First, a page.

One of my Italian passions is the study of the ancient Romans. I especially love the artwork, like the excavated wall frescoes in Pompeii and Ostia, sculptures from the Roman forum, and mosaics, which were used as decor in public buildings and the homes of the wealthy. While much is now in museums, many of the floor mosaics can still be seen at their original location.
Because mosaics were considered a symbol of wealth and status, whenever I see one in an archaeological site, I know the building was inhabited or commissioned by those who knew the luxuries of life. These two tile photos below are from the original second century home of Saint Cecilia beneath the Basilica of Santa Cecilia in Trastevere, Rome.
Small black and white squares, called tesserae, were cut from marble, tile, or glass to make the two and 3-dimensional, geometric designs dominant of the 1st through the 3rd century in the vicinity of Rome. Why mostly just black and white was used at this time is thought to be a style choice as colored tiles were also used in other areas.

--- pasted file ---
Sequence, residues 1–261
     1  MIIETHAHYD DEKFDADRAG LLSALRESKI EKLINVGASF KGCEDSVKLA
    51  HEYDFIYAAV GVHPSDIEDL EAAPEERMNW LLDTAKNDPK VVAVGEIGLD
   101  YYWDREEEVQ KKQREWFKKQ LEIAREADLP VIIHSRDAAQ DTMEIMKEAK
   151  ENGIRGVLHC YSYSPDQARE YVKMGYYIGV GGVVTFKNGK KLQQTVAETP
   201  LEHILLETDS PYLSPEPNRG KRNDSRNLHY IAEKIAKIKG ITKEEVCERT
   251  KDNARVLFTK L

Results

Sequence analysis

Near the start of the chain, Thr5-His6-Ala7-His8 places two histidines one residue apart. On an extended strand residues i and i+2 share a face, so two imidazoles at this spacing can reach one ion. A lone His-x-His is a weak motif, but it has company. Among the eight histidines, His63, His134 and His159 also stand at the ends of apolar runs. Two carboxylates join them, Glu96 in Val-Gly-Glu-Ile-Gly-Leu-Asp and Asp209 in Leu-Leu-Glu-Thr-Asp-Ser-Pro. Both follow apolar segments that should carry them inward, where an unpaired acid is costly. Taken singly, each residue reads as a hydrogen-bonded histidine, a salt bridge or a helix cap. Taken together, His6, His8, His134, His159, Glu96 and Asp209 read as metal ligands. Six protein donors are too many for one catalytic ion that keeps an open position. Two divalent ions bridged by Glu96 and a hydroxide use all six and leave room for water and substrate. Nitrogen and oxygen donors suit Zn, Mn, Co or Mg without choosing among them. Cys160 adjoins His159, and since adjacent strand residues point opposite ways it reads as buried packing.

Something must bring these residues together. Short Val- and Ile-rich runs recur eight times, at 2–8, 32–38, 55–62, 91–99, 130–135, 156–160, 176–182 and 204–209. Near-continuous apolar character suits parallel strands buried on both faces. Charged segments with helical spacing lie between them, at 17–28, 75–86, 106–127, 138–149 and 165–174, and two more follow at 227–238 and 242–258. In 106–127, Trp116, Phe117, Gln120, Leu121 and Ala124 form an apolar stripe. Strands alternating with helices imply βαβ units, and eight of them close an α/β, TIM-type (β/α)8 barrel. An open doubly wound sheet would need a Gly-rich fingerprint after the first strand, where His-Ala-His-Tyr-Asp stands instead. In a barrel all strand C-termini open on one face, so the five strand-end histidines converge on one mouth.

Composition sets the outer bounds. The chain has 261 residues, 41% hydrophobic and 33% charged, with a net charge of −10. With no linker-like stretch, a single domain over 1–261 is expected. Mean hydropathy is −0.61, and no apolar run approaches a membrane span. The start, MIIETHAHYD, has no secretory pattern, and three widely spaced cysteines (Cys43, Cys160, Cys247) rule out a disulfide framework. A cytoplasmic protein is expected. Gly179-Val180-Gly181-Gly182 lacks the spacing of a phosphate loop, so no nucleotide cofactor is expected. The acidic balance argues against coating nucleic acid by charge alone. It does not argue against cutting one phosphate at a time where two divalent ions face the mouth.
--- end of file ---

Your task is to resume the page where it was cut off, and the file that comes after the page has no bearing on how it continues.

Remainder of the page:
The Greeks, who heavily influenced the Romans, created mythological scenes and marine life in their designs which were adopted by the Romans. In addition, Roman mosaics often involved themes of violence and drama, depicting savage hunts and gladiatorial battles.
Below are several mosaic floors uncovered at Hadrian’s Villa ( Villa Adriana) in Tivoli, southeast of Rome. These whimsical geometric designs are pretty amazing and include 3 dimensional.
Ancient Roman mosaics often give a lot of insight into the lifestyle of the ancient Romans such as who they were, where they walked and what they valued. Artwork is truly a reflection of not only the artist, but of the people and culture of those times.